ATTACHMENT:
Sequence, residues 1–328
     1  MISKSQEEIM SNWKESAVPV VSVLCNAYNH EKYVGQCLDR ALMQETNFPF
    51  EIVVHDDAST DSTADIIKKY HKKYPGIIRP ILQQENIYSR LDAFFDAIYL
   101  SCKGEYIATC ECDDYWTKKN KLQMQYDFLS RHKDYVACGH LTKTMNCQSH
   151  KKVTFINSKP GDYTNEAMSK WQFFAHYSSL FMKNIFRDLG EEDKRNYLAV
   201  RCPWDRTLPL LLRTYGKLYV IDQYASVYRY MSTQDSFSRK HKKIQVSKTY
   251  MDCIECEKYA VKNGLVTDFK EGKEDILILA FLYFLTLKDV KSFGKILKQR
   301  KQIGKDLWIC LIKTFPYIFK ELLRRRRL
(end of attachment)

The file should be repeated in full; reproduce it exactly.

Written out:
Sequence, residues 1–328
     1  MISKSQEEIM SNWKESAVPV VSVLCNAYNH EKYVGQCLDR ALMQETNFPF
    51  EIVVHDDAST DSTADIIKKY HKKYPGIIRP ILQQENIYSR LDAFFDAIYL
   101  SCKGEYIATC ECDDYWTKKN KLQMQYDFLS RHKDYVACGH LTKTMNCQSH
   151  KKVTFINSKP GDYTNEAMSK WQFFAHYSSL FMKNIFRDLG EEDKRNYLAV
   201  RCPWDRTLPL LLRTYGKLYV IDQYASVYRY MSTQDSFSRK HKKIQVSKTY
   251  MDCIECEKYA VKNGLVTDFK EGKEDILILA FLYFLTLKDV KSFGKILKQR
   301  KQIGKDLWIC LIKTFPYIFK ELLRRRRL